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Not Much to 'C' in C#

Danny Kalev, DevX's C++ Pro, says Microsoft's newest language lacks the maturity to be a real competitor to C++




Application Security Testing: An Integral Part of DevOps

# is getting a lot of attention these days—so much attention that some DevX readers have begun to remonstrate on what they consider excessive coverage, especially for a language that is still in its beta stage. I can agree with some of the points raised. Personally, I find C# (at least in its current shape) disappointing, technically crippled, and extremely over-hyped. Secondly, the software industry has already heard the "greet the perfect languages that will change the world" slogan one time too many. However, I don't believe that C# is utterly irrelevant.

The Original Sin
On the one hand, C# is a Windows-only language. Its focus seems to be on graphics and Windows specific programming tasks, which make it less useful in other application domains—say embedded systems, infrastructures, and numeric applications. In addition, C# is a proprietary language whose evolution is steered by a commercial company. If judged from our experience with Java in the 1990s and Ada in the 1980s, this is a recipe for an immature and pretentious language. Sun's bias toward SPARC/Unix affected Java's design in many subtle ways, to the chagrin of Windows users.

Worse yet, recent legal actions against Microsoft pushed it to jettison Java altogether. Thus, Sun's arrogant and aggressive policy yielded a Pyrrhic victory. Instead of enabling some flexibility and leeway—which are inevitable when dealing with a general-purpose programming language—it decided to twist Microsoft's arms. This has turned out to be a huge mistake. Once you try to dictate a language's evolution by lawyers and injunctions, you lose the programmers. And what's a language without programmers?

Why Bother?
C# is of interest to C++ programmers not because of its engineering merits (or lack thereof) but for other reasons. Although you'll never hear it from Microsoft, C# is meant to serve as an alternative to Java on Windows. Secondly, my prediction is that C# will turn into a superset of C++. It will support standard C++ syntax, libraries, and concepts, in addition to its proprietary APIs and keywords. Finally, even if you're not going to use C# any time soon, you don't want to miss a rare opportunity to observe and take part in the fascinating process of a language evolution. Will past mistakes be repeated, or will the C# designers learn from history?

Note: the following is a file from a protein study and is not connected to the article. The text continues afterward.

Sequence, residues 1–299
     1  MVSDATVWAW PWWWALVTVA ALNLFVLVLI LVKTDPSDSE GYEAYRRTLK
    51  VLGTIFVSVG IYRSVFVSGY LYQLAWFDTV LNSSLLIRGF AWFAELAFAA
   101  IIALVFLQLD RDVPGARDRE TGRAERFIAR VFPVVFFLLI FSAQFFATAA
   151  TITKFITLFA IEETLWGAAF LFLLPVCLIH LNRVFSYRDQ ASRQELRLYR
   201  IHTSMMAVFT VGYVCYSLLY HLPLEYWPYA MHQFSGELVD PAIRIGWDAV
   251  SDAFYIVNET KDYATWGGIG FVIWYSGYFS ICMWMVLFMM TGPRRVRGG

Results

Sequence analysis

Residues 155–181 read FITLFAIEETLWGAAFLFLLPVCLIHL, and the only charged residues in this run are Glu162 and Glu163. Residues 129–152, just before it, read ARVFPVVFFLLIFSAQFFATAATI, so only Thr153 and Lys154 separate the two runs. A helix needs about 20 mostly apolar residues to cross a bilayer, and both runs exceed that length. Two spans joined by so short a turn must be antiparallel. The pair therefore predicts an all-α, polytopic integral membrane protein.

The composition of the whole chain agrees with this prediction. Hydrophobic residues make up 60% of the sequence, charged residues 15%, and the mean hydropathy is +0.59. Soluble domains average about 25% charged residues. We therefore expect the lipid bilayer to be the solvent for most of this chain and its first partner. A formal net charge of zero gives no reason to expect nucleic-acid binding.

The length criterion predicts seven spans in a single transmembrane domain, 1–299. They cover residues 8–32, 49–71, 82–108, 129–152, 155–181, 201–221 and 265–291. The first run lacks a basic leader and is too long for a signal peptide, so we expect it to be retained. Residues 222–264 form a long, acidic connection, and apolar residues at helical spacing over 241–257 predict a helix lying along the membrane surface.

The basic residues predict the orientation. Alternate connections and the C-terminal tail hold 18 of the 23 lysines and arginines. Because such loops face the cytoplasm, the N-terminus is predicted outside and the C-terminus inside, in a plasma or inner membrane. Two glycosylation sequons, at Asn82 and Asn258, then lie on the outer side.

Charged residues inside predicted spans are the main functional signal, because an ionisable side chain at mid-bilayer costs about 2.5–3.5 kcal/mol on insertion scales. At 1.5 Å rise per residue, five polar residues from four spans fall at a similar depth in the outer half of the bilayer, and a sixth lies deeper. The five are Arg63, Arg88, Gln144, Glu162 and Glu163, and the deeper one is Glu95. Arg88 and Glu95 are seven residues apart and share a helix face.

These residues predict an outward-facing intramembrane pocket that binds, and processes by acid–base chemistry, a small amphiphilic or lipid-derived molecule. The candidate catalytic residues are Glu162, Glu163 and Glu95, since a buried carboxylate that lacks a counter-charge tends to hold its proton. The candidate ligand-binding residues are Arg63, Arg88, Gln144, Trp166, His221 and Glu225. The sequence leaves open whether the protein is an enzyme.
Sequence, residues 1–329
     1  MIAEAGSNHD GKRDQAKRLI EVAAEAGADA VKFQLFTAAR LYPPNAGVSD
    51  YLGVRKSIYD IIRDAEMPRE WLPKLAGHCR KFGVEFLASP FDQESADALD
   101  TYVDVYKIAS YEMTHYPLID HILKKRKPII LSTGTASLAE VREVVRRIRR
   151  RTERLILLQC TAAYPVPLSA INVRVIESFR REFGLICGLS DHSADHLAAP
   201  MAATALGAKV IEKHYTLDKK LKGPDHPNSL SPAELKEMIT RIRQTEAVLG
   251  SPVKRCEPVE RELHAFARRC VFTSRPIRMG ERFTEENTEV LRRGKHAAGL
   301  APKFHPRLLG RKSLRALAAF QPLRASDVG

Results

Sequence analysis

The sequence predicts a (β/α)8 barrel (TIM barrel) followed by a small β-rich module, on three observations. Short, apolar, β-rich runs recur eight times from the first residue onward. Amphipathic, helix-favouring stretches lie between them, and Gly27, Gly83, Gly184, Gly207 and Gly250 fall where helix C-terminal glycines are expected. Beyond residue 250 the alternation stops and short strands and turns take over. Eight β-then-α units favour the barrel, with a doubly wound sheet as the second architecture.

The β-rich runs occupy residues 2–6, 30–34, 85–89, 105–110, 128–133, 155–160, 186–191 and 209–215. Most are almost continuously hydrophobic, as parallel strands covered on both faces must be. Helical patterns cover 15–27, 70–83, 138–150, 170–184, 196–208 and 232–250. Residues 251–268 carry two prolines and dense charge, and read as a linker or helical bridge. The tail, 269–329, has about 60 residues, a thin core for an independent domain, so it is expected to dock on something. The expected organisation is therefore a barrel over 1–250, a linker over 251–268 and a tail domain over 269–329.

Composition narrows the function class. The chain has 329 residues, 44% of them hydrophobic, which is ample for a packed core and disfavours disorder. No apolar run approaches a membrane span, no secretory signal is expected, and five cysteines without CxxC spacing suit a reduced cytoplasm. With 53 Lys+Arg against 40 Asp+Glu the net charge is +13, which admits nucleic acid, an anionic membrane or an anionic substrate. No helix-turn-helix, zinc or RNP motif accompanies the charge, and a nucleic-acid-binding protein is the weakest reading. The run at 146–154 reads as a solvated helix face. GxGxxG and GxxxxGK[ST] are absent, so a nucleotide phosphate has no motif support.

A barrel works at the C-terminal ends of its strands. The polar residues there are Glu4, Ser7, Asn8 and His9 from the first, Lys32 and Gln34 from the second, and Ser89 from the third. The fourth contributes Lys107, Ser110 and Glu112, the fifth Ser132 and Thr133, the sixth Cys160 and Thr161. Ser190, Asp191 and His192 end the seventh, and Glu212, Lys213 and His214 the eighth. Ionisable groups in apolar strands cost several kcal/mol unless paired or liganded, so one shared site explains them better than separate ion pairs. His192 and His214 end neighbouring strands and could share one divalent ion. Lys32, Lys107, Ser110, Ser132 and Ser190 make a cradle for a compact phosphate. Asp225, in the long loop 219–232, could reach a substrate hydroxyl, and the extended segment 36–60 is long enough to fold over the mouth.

What History Can Teach Us
The formation of a programming language is a very long and tedious process. A full 10 years after the creation of C, its standardization process began. It took an additional five years to complete the C ANSI standard. The C++ standardization process wasn't much different; the language was christened C++ in 1983. Six years later, its standardization process began, and that lasted nine years (1989-1998). Why do standardization processes take so long? From my acquaintance with both the C and C++ standardization committees, I can assure you that it's not due to laziness or procrastination—quite the contrary.

While it's easy to define a rash, half-baked standard, such a standard is doomed to be completely ignored (the OSI model of communication protocols is a good example of this). The C and C++ committees were well aware of this. They wanted to ensure that the standards they were forming would last for years, and that it would serve as the basis for all future implementations. Since a good standard is based on proven practice and real world experience, it can be created only after the language has been used for several years in real world projects by a large number of users. C# is now at this evaluation stage.

Maturity Has Merit
In terms of engineering merits, C# fails to impress me. On the positive side, it supports operator overloading and thus has avoided the rash and unfortunate decision made by Java creators, who removed this feature only to learn the hard way that it was indispensable. C# permits C-style structs and raw pointers. This is a well-boding sign, showing that its designers are free from "if it's not pure object-oriented, we won't allow it" egotism. Still, C# designers have made several gaffes, such as removing template support. Considering the tremendous benefits of STL and generic programming in general, this decision seems questionable. Does anyone miss the horrid MFC container classes?

Of course, much of the antagonism toward C# can be attributed to an anti-Microsoft atmosphere. Others simply are reluctant to learn a new programming language, fearing their existing C++ skills and experience might become obsolete. This fear is unfounded. C++ is still the only mature, stable, non-proprietary, multi-paradigm, general purpose programming language around. At the moment, I don't see any other serious competitor to it.

Will C# ever become a serious language, other than simply a quick replacement for Java? Only time will tell.

Danny Kalev is the C++ Pro for DevX.
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